In a lung X-ray of a person with pneumonia, “the pneumonia part appears white,” he says—hence the non-medical term “white lung pneumonia” currently trending online.
“I think that’s what the name is in reference to,” he says, “although, unfortunately, it sounds very scary.”
How is pneumonia diagnosed?
In those suspected to have the condition, a health care provider will perform a physical exam and order tests like a chest X-ray. Such tests will help to determine what type of pneumonia they have and how to treat it.
What is the treatment for pneumonia?
Depending on the type of pneumonia, it may include an antibiotic, antiviral, or antifungal medication. If the pneumonia is severe, IV antibiotics and oxygen, administered in a hospital setting, may be required. Very serious pneumonia may require ventilation, a machine that breathes for someone, and/or a breathing tube, as well as surgery to remove an infected or damaged part of the lung.
How severe can pneumonia get?
“Someone who becomes very ill with pneumonia may have fluid shifts and also have issues with their kidneys or with their liver or with their heart,” Cowl says. What’s more, if the bacteria causing pneumonia spread to the bloodstream, sepsis could result—a life-threatening condition prompted by an infection that triggers a chain reaction throughout the body.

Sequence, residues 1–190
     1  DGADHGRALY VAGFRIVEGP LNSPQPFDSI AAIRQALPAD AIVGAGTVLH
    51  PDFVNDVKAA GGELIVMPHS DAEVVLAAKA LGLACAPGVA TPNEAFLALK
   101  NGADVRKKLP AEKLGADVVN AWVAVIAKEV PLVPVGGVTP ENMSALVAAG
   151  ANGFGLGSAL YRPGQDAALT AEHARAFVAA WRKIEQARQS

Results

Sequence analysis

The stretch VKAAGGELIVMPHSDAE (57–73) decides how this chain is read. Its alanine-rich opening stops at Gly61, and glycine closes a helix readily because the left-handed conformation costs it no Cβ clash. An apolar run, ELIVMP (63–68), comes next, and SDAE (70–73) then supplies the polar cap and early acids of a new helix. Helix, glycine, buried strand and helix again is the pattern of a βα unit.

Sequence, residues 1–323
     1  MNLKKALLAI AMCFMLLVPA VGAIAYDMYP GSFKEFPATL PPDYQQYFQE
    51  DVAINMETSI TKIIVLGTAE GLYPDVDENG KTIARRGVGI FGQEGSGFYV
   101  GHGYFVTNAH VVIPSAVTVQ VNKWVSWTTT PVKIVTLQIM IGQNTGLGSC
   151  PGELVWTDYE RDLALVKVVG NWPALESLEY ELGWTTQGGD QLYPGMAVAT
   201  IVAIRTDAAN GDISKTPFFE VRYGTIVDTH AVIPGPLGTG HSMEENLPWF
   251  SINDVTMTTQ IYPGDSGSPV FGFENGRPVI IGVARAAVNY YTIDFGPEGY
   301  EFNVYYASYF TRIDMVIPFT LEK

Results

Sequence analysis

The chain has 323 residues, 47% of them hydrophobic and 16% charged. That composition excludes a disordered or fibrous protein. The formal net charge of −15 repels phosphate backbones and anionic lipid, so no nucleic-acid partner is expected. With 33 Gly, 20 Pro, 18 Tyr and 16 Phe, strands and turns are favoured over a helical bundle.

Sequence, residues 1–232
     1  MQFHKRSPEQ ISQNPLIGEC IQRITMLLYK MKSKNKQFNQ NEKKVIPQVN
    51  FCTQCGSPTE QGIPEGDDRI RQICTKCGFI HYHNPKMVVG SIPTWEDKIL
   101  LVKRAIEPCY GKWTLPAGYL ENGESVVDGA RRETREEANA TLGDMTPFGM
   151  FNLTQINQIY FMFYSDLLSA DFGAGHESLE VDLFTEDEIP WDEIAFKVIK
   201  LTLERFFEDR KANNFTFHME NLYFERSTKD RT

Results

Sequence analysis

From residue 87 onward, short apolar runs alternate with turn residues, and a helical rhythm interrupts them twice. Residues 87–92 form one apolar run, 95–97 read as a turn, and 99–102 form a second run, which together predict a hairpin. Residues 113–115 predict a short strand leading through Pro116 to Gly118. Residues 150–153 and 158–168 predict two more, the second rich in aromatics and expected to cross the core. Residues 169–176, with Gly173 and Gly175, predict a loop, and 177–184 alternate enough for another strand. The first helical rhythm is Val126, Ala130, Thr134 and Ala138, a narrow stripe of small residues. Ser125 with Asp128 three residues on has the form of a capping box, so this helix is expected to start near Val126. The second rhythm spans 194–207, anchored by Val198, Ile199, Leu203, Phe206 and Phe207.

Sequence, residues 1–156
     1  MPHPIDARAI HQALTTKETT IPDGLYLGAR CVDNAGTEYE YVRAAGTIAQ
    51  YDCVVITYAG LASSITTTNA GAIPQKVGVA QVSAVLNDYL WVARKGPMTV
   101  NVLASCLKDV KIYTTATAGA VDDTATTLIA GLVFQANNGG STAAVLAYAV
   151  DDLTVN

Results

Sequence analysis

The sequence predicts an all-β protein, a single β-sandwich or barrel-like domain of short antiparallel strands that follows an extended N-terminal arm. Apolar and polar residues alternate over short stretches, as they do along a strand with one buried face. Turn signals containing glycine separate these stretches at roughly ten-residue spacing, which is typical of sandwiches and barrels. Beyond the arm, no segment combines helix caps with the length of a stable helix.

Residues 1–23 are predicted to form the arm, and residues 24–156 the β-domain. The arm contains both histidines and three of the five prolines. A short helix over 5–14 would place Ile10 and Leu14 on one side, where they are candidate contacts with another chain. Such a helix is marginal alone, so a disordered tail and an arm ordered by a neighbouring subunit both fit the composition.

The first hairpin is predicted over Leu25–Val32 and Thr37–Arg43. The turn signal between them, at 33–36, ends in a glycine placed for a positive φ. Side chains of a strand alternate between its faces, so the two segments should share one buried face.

“It can cause a whole kind of downstream effect, a bucket brigade,” he adds. “It’s like the juggler with the sticks spinning the glass plates. If one of those sticks starts wobbling and a plate suddenly falls, all of the others can go in a hurry.”
Is there a vaccine for pneumonia?
Yes, two kinds. But they’re only recommended for those age 4 and younger, and 65 and older. A doctor may recommend that people between those age groups receive one or more of those vaccines if they have a medical condition—like diabetes, heart disease, chronic lung disease, or immunodeficiency—that puts them at higher risk for severe outcomes.
Adults ages 19 to 64 who don’t have a health condition that puts them at higher risk, but who want the pneumonia vaccine, should talk to their doctor about it. If they end up receiving it, they may have to pay cash price, even if they have insurance, Horn says.
What else can I do to protect myself from pneumonia?
Pneumonia vaccines aside, Horn’s best recommendation for all ages is to get the flu and COVID vaccines “to prevent serious lung infections going into the winter season.” Both conditions can lead to pneumonia, in severe cases. What’s more, RSV vaccines are now available for infants at high risk of severe disease, pregnant women from 32-36 gestational weeks, and adults 60 years of age and older.
If you have chronic medical conditions, make sure they’re well managed, she advises: “The better controlled they are, the better you will do if you get sick in general.”
Handwashing and staying away from sick individuals can also help prevent infections that may lead to pneumonia.
This story was originally featured on Fortune.com